Not familiar with All-Star, but I quite liked Birthright. I thought it did a good job of balancing elements from both Maggin-era and Byrne-era Superman. I might like to see something like that.
I guess I have mixed feelings about the idea of a Silver Age Superman in the movies. On the one hand, that would be too much like the Reeve movies and SR, and a reboot for the franchise should go in a different direction. On the other hand, we've had decades of the "Clark is real, Superman is a disguise" approach in Lois and Clark and Smallville -- the latter having taken it to an extreme that's become quite tiresome at this point. After seven or eight seasons of an angsty, self-absorbed farmboy Clark who shows no interest or proclivity for becoming the world's greatest hero, a story focusing on Superman as a benevolent godlike or Christlike figure might be a refreshing change of pace.
All-Star is very subtle with it, but there are a few panels that showcase that the relationship of Clark to Superman and Superman to Clark may not be easily divesive. There's this panel where Superman stands in front of a mirror that reflects the true self but he's wearing the Kent glasses and slouching. It is a wonderful visual that subtly shows that maybe there's a thrid alternative like the Alan Moore story where Kal-El has a dream that shows Clark's suit and Superman's uniform taking to him.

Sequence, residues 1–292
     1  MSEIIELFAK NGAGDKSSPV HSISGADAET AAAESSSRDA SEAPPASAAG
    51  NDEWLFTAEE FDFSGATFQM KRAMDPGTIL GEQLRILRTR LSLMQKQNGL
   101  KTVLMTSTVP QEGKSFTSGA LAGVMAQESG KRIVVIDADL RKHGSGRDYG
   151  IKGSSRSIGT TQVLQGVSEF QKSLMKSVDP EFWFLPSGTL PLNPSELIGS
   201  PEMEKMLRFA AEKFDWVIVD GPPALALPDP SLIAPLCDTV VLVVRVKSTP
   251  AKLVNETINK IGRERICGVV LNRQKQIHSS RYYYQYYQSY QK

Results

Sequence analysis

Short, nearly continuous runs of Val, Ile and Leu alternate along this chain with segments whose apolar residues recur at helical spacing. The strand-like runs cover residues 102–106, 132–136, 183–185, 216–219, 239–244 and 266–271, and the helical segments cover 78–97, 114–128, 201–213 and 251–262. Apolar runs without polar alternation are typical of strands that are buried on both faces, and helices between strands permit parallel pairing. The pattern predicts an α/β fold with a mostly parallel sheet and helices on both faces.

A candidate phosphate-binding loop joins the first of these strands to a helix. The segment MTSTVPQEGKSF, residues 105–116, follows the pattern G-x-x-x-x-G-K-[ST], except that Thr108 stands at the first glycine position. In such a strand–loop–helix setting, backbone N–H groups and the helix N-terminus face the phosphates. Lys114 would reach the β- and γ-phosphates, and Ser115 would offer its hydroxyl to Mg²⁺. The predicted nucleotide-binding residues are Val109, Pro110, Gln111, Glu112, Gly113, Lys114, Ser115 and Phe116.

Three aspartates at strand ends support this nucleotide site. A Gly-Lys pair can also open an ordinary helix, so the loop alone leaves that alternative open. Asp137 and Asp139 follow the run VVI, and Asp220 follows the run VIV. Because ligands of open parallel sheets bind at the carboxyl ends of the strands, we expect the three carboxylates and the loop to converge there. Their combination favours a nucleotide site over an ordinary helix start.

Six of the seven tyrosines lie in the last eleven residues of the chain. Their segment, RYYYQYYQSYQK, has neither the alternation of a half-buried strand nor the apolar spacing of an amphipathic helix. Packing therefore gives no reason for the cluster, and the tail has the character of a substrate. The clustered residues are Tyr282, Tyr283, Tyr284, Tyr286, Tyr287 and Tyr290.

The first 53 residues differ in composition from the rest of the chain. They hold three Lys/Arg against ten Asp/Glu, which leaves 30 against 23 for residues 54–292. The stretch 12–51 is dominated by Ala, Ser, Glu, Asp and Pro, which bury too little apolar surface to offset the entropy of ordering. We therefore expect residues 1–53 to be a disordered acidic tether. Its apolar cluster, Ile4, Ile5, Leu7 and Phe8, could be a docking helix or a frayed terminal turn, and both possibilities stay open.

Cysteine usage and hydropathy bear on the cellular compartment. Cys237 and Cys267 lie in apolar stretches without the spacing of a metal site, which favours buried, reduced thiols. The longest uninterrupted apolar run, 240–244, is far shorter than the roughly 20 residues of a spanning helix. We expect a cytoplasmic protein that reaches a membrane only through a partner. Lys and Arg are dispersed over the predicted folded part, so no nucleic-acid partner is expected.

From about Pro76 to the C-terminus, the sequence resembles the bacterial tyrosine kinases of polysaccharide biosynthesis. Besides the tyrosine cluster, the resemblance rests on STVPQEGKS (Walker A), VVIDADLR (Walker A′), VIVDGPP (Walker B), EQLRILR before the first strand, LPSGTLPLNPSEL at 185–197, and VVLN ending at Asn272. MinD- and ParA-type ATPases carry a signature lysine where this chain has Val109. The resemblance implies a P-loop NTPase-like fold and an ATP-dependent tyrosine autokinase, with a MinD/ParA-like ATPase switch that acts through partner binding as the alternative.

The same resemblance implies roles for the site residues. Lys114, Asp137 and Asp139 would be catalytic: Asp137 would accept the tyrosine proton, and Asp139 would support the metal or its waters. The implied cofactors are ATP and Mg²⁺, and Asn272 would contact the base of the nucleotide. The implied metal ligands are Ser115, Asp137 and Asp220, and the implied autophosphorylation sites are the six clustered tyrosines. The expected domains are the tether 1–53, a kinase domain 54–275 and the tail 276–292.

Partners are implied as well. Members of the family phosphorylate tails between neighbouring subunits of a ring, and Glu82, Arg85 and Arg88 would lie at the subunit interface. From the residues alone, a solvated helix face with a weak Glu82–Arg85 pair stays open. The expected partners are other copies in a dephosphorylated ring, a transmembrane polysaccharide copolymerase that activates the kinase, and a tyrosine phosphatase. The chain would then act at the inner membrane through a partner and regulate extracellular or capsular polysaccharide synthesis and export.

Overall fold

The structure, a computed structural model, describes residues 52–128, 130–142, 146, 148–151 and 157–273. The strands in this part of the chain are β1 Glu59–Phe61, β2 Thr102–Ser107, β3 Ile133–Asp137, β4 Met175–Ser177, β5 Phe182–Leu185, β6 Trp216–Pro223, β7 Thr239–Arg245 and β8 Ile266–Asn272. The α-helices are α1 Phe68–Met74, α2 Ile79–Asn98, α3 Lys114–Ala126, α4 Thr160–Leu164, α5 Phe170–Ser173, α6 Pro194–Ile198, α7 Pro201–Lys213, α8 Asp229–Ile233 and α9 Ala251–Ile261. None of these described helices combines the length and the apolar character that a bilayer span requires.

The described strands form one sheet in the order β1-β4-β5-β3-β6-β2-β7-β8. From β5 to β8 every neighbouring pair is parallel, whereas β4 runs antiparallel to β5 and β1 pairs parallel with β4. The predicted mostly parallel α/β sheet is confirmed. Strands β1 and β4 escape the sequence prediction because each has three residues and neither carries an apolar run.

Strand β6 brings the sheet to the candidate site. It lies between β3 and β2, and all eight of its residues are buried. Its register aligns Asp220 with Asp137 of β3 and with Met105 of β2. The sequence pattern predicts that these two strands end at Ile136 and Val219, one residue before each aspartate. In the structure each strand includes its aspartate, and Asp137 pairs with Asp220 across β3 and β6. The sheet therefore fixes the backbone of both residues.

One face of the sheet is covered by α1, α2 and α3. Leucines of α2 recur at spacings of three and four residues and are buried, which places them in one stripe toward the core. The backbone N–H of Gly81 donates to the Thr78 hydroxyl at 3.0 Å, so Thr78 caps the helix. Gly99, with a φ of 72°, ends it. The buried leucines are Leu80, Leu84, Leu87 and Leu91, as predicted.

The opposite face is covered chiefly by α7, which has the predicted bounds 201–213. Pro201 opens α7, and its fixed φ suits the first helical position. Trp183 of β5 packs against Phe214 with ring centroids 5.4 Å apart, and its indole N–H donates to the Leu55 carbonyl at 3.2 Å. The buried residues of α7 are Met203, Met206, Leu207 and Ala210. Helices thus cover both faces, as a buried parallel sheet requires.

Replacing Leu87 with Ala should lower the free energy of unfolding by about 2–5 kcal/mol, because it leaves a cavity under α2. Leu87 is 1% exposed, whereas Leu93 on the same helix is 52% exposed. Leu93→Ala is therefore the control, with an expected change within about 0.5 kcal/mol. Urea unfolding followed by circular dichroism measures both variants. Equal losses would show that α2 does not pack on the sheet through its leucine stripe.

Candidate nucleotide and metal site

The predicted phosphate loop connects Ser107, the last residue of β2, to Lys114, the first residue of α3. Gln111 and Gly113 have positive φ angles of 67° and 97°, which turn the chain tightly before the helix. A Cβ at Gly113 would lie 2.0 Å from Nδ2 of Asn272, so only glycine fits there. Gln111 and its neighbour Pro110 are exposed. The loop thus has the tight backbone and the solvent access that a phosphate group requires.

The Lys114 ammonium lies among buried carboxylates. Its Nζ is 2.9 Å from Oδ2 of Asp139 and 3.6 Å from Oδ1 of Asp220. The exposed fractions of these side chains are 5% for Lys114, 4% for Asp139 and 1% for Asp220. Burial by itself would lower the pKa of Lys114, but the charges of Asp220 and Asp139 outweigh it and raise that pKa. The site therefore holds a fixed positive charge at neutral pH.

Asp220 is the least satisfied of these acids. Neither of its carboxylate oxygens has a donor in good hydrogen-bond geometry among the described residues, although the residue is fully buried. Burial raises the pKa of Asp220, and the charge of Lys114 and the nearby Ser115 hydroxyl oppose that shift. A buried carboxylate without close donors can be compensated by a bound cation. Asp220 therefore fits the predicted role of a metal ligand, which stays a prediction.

Oh, I agree completely. I am so done with Smallville Clark who is too self-centered to be the Man of Steel. Superman Returns tried to do a more complex interpretation with the three personas of Metropolis Clark, The Last Son of Krypton (Kal-El/Smallville Clark) and Superman (the public persona) but failed in its execution since more time was spent on Lois' fiancee than on Clark or Superman.